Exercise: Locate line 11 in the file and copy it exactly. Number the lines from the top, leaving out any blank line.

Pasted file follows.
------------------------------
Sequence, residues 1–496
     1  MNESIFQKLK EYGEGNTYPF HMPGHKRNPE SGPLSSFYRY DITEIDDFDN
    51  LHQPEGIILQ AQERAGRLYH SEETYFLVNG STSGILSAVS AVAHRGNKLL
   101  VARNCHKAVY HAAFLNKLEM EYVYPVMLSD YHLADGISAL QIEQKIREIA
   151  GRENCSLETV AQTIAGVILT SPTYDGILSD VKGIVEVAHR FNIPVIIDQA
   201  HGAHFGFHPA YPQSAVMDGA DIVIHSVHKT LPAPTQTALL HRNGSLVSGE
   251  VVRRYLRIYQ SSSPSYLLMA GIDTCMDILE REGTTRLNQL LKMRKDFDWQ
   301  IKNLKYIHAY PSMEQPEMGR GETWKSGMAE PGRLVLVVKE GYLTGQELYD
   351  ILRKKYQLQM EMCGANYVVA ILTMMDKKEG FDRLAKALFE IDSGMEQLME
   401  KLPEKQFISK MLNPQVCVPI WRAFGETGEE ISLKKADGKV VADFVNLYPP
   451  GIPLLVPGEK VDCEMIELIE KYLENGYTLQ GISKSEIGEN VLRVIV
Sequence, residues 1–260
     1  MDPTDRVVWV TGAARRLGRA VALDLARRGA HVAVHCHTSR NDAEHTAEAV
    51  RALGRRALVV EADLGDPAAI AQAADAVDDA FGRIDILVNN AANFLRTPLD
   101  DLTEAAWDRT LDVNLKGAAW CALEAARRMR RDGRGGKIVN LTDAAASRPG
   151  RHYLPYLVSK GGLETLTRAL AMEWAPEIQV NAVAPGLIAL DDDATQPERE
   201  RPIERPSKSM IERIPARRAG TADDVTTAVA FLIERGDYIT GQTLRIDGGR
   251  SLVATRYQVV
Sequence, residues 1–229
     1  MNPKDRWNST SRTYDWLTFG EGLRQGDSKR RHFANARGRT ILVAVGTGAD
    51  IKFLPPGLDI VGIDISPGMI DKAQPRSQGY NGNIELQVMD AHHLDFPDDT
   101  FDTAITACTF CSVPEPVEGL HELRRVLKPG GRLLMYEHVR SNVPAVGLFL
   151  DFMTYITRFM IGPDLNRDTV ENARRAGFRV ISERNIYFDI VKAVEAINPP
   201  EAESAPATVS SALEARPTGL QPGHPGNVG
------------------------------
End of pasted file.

   451  GIPLLVPGEK VDCEMIELIE KYLENGYTLQ GISKSEIGEN VLRVIV